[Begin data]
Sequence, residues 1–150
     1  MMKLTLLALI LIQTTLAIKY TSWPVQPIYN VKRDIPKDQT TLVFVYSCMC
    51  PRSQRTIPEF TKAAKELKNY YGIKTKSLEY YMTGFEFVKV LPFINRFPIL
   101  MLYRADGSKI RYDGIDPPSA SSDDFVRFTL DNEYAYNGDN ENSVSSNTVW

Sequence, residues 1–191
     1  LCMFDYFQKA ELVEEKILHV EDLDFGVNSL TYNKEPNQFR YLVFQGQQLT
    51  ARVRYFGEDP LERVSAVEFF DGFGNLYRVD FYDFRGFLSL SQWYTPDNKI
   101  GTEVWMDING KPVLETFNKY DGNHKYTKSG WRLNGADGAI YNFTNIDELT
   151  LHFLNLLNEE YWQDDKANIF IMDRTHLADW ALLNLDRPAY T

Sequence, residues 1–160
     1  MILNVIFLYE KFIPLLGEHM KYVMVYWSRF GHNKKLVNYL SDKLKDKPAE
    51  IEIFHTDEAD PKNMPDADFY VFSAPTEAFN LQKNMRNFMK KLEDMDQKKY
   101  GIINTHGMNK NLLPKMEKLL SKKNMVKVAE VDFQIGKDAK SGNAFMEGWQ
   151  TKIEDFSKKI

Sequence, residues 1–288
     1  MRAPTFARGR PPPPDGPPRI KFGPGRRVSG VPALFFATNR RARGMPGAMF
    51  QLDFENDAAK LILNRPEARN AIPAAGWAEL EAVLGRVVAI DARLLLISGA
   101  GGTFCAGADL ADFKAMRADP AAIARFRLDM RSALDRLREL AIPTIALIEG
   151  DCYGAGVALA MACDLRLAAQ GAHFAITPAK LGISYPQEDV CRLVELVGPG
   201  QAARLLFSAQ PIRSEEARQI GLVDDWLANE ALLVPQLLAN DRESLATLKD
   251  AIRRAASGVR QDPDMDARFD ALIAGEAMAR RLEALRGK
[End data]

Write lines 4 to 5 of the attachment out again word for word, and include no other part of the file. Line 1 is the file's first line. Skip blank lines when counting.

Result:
   101  MLYRADGSKI RYDGIDPPSA SSDDFVRFTL DNEYAYNGDN ENSVSSNTVW

Sequence, residues 1–191